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Windows Cheaper to Patch Than Open Source? 473

Posted by Zonk
from the fud-for-breakfast dept.
daria42 writes "Is Windows cheaper to patch than open source software? Of course this Microsoft-commissioned report thinks so - but a number of people disagree, including a key Novell Asia-Pac exec, Paul Kangro. Kangro highlights problems with the report including the fact that it refers to problems faced by administrators before 2003: before significant improvements were made to Linux patching tools. 'We didn't have tools like Xen for Linux then,' says Kangro. 'When I patch my Linux box I don't need to bring it up and down any number of times.' Kangro also points out the report doesn't mention costs associated with rebooting systems after a patch is applied."
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Windows Cheaper to Patch Than Open Source?

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  • Well. (Score:4, Insightful)

    by Sierpinski (266120) on Friday May 20, 2005 @08:41AM (#12587917)
    It might be easier if you have no idea how to really use a computer, and are not willing to learn. Those people will never leave the "comfort" of a familiar thing. They fear change, especially when it forces them to actually think for themselves.
    • Re:Well. (Score:2, Insightful)

      by psiphre (454612)
      how the shit is this redundant, mods? It was the first non-troll post.
    • Re:Well. (Score:3, Insightful)

      by Soybean47 (885009)

      It might be easier if you have no idea how to really use a computer, and are not willing to learn.

      If they're talking about the "cost of patching," they're talking about large corporations. Large corporations have people in charge of IT who, we hope, have some idea how to use a computer. ;)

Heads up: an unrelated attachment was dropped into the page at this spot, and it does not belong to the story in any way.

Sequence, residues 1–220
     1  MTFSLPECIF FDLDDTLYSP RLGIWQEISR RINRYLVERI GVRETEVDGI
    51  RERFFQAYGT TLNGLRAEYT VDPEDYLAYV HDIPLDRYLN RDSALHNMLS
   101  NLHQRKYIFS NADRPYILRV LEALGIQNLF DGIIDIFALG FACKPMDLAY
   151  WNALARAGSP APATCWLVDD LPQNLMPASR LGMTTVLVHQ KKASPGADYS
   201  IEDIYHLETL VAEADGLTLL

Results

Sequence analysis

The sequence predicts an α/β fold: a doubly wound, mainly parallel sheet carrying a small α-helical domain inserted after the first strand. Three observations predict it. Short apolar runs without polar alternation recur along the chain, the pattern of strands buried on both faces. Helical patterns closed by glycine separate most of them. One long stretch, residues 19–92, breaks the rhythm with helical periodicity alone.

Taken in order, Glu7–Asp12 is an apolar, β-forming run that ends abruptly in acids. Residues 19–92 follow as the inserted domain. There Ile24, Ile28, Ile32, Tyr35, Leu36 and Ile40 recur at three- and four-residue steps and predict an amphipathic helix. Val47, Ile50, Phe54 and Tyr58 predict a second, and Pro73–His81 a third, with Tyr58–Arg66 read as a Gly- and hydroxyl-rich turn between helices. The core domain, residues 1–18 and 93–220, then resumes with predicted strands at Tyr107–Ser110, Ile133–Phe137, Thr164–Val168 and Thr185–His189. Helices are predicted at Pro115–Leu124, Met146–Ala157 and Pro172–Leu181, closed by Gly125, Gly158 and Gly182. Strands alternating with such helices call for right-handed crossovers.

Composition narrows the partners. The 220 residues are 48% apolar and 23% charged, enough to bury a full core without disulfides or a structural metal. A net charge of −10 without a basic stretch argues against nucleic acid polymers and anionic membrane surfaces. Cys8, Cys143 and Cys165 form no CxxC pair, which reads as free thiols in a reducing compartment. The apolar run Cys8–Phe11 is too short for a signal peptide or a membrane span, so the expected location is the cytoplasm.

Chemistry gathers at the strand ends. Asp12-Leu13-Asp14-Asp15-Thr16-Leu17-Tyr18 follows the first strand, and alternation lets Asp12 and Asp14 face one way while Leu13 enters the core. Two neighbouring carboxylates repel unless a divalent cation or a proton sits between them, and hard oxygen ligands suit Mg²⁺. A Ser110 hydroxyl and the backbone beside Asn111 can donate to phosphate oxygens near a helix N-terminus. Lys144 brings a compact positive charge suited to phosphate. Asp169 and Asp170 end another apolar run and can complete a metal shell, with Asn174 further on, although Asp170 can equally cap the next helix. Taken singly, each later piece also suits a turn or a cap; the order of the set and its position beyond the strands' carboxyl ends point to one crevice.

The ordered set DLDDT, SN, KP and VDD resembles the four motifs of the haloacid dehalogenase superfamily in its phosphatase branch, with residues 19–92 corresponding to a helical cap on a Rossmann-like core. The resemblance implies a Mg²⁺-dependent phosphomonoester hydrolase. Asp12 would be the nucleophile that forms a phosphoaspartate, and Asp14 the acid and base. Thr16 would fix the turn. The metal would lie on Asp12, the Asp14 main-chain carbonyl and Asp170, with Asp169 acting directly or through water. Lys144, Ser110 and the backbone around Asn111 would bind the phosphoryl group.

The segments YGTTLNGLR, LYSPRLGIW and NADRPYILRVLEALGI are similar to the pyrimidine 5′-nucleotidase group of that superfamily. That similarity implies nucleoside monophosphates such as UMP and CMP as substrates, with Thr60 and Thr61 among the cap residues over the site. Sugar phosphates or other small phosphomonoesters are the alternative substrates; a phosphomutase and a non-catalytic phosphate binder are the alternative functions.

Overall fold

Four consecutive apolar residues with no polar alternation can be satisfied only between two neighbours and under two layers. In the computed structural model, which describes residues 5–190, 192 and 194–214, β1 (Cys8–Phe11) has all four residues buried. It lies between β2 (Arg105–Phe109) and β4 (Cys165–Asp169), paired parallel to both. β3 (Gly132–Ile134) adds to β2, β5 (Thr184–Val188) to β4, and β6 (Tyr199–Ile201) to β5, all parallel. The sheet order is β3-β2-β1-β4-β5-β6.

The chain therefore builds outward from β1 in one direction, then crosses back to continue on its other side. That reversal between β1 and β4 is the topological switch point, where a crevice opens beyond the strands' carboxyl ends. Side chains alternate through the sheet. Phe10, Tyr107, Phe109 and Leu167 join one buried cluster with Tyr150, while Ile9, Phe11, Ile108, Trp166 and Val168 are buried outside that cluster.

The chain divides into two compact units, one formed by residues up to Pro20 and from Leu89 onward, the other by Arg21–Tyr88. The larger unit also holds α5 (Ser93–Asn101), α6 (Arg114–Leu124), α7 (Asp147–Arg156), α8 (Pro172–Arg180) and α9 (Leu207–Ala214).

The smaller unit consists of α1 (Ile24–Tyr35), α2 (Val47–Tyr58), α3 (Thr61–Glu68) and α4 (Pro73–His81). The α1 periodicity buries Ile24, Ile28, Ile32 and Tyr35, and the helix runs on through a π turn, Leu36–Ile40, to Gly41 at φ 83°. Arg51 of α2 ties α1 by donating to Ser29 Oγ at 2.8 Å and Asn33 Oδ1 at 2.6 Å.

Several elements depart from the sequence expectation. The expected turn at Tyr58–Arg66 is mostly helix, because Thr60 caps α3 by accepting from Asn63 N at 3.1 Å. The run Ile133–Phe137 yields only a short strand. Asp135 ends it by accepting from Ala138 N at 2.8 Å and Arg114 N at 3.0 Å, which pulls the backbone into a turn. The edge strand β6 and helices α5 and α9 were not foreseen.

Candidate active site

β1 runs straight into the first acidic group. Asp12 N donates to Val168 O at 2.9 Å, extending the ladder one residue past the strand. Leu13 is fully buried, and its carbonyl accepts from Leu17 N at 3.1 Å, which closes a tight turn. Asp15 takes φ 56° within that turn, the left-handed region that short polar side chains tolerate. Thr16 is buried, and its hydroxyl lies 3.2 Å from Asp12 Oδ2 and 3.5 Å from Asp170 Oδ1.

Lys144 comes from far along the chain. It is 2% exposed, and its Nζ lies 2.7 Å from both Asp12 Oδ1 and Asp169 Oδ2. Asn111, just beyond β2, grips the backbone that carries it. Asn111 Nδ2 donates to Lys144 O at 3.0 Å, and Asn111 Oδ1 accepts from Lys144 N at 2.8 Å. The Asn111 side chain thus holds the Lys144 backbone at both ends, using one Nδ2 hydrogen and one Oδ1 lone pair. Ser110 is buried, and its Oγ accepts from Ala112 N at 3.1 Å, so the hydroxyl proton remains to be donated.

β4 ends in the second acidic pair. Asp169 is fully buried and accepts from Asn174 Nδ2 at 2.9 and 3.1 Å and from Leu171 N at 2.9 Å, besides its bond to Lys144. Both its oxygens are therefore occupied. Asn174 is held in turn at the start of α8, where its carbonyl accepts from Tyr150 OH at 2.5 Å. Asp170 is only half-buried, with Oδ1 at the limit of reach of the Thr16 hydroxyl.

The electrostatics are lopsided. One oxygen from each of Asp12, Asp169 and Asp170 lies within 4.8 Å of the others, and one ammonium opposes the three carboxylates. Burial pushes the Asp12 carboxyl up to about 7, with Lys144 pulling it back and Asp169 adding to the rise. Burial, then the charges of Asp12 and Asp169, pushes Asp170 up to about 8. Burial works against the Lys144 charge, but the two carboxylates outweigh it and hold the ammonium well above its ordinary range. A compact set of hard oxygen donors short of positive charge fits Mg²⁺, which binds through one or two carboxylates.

It really doesn't take much to patch most new-ish linux systems.

      emerge sync && emerge -uD world

      is probably one of the most complicated, and that's all there is too it.

      • Don't forget the timing. If you only do this about once a week or so, it's best to light it off before you go to bed.
        That is, unless you modded a bunch of XBoxen into a poor man's distcc compile farm...
    • How arrogant!

      a) Nothing in the report suggests the users 'have no idea how to really use a computer';

      b) Nothing in the report remotely suggests anyone is not willing to learn how to use a computer;

      c) Everything suggests that people do think. The thinking might be along the lines of: "My computer is a tool. Do I really need to know how to fiddle endlessly setting up the tool?"

      Why is it that there is no questioning buying precooked food, taking appliances and vehicles to repair shops for the simples
      • I hate to tell you, but there *ARE* hammer geeks out there... note that said geeks (blacksmiths) are usually building tools to do certain tasks, but they certainly are modding hammers... :-)
      • And yet when someone treats a computer simply as the tool it should be, they are branded 'fearful of change' and 'unthinking'?